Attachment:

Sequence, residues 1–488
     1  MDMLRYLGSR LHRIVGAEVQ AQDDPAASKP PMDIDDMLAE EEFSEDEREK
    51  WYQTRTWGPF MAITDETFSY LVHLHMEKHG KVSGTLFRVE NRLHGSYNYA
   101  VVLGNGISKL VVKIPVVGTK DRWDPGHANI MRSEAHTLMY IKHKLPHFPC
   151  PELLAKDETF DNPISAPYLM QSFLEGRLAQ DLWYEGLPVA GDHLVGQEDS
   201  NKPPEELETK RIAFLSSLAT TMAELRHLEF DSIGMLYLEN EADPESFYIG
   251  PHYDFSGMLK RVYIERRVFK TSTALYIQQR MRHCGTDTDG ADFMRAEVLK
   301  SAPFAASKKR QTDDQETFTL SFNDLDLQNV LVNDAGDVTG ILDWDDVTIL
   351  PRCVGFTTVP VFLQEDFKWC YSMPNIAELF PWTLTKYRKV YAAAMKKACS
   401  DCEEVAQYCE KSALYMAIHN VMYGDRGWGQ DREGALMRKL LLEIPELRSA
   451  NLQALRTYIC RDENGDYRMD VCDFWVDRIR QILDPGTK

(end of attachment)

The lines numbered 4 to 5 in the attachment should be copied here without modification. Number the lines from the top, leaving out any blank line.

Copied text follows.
   101  VVLGNGISKL VVKIPVVGTK DRWDPGHANI MRSEAHTLMY IKHKLPHFPC
   151  PELLAKDETF DNPISAPYLM QSFLEGRLAQ DLWYEGLPVA GDHLVGQEDS